Probably not. The man is young, rich, attractive, and he drives race cars.

Still, his piece was enough to put me off of the whole magazine a bit. I’ll buy the next issue when it comes out — if it’s anything like this one, we can expect it sometime in the fall of 2011 — and I’m sure it will be good. Just like this issue. Good, but not great. Here’s hoping that Han Han finds the right woman between now and then, and that she smacks some sense into him.

After all, isn’t that what Shanghai women do best?

Li Yinhe on Nudity in Art and Society

The following post is a translation of this blog post written by China’s foremost sexologist, Li Yinhe.

An important note. In the piece, Li Yinhe uses the term 性 repeatedly. I’ve translated it as “sex”, but this doesn’t necessarily mean “sexual intercourse” so much as it means the more general nature of physical sexes, the differences between men and women, it. Of course, it can also just mean sexual intercourse, but in some places here Li Yinhe is talking about more than that.

Yang Linchuan


I really admire Yang Linchuan’s activities; he’s a courageous and knowledgeable artist who has truly become a model for the modern Chinese man.

From Liu Haisu‘s nude sketches at the Shanghai school of Fine Arts starting in 1914 and up through the collected nude works of Tang Jiali a few years ago, the issue of nude models in art has been rattling around China for 96 years–now it’s a new century and we still haven’t figured it out! This issue even bothered Chairman Mao enough to write memos on it twice (1965 and 1967). In 1983 a group od art students were arrested for spreading [works with nudity] around, and in 1986 a nude model who went home to the countryside to visit relatives was driven mad by the townspeople there. Even the beautiful and pure Yang Jiali, living in the twenty-first century, is often driven to tears.

What is so terrible about the human body? Is it really that ugly, dirty, and obscene? Why can’t bodies be beautiful? The old saying goes: when looking at the same thing, the benevolent see benevolence, the wise see wisdom. We ought to add a like: the perverted see perversion. Looking at an aesthetically pleasing piece of body art taken by an expert photographer, most people see beauty. But people with darkness in their hearts can’t see the beauty, all they see is obscenity. This makes them shy, which makes them suspicious, which makes them angry. This doesn’t mean the work itself is flawed, it shows that the viewer is flawed, and even that their mentality is gloomy, vulgar, distorted, and perverted.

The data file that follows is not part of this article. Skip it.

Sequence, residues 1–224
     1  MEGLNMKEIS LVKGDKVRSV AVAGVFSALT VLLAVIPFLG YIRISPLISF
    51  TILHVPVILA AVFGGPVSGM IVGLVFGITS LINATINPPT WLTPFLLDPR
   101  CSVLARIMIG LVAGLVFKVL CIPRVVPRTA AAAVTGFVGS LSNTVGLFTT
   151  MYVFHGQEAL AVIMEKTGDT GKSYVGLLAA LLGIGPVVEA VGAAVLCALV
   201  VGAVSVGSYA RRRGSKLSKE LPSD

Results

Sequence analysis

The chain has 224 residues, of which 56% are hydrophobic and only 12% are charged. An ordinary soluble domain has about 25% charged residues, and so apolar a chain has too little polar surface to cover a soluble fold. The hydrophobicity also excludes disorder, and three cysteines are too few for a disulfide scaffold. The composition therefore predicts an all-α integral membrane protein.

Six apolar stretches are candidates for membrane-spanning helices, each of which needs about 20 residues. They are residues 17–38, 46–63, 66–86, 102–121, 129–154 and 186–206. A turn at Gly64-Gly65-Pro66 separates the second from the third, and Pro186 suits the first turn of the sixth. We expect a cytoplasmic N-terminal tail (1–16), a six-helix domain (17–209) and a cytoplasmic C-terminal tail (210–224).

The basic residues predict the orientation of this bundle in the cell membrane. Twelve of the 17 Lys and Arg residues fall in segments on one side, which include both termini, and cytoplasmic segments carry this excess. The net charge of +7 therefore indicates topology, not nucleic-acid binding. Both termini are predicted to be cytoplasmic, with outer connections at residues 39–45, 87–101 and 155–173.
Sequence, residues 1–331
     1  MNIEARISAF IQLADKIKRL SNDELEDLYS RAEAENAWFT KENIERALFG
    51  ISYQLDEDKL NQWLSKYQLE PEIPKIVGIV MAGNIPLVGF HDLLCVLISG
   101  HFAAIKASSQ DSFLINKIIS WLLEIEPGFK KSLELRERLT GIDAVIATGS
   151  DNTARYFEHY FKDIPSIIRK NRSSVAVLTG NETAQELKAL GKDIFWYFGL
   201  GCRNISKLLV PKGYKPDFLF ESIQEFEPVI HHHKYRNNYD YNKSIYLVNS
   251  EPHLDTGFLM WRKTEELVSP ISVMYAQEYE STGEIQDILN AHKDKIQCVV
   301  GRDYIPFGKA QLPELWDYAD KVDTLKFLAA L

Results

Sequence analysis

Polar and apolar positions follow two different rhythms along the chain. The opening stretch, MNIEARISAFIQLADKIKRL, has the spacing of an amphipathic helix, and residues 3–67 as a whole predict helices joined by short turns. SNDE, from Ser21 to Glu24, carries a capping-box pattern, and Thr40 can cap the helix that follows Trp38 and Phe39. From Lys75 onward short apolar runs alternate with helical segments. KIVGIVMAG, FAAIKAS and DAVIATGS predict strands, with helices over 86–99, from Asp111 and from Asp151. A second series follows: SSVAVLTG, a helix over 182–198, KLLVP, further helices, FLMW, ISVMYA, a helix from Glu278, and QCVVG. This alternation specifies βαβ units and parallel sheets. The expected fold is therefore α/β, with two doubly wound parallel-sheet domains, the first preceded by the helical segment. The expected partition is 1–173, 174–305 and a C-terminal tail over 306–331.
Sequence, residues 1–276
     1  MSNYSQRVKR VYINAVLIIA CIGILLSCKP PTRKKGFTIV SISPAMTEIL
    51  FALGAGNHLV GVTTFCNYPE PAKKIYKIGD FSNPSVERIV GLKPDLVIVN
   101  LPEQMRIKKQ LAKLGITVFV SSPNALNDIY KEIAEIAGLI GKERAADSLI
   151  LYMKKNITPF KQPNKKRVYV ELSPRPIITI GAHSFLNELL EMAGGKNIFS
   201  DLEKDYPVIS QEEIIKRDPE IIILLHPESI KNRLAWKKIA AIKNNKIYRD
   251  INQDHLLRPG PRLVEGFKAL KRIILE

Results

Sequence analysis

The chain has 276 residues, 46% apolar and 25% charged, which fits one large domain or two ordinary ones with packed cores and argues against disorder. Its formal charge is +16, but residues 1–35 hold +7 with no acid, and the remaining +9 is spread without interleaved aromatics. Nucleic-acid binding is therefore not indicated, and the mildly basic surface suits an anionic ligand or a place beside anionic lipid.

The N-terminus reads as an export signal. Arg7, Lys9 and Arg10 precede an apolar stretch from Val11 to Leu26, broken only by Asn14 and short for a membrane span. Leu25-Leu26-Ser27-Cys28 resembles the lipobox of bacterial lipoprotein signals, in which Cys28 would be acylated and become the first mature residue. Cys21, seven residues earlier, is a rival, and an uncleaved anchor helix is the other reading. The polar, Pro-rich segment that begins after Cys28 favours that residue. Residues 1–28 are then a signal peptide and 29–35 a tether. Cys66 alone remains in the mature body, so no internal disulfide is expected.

Chinese culture over the past thousand years, and especially over the past few hundred, is truly distorted, perverted, and stupid when it comes to anything involving sex. After 1840, ancient China’s strengths began to weaken in all areas when compared to the West, and a poor, weak, and suffering country came into the light of the world stage. In what was once a country with a glorious five thousand years of history, people were suddenly suffering, poor, and upset. Life is short; living life in a country like that was painful. In such a society, the beauty of the human body and sex were luxuries. Beauty was not something people demanded, and they didn’t pay attention to whether or not they had the happiness that beauty and sex can bring.

I was once touched greatly by an event, something that happened at the beginning of the Cultural Revolution. An ordinary Chinese scholar got a pass to visit the US. His trip was set to cover only the eastern US, but as it was widely known within China that Las Vegas was widely known as a city of gambling and sex shows, he took out a sum of money entirely disproportionate to his meager salary and took the long trip just to see a performance. This just shows how the beauty of the body and of sex suppressed to such a degree in China, so much so that people would think doing something as absurd as this was worth it. From this, I could feel just how pathetic and suppressed Chinese people were, going to the other side of the earth and paying huge sums of money just to satisfy the natural desires of our sensory organs. Yang Linchuan was just an accidental model who naturally fell into the position of using his body in the place of a model’s. But his showing this much respect for his artists’ work didn’t attract praise, instead it caused a great uproar. Does China actually want art or not? Does it want to enjoy sensory pleasures? Why is it that something that’s enjoy by cultured people all over the world encounter such abnormal restraint in China? Must Chinese people always live this pitifully?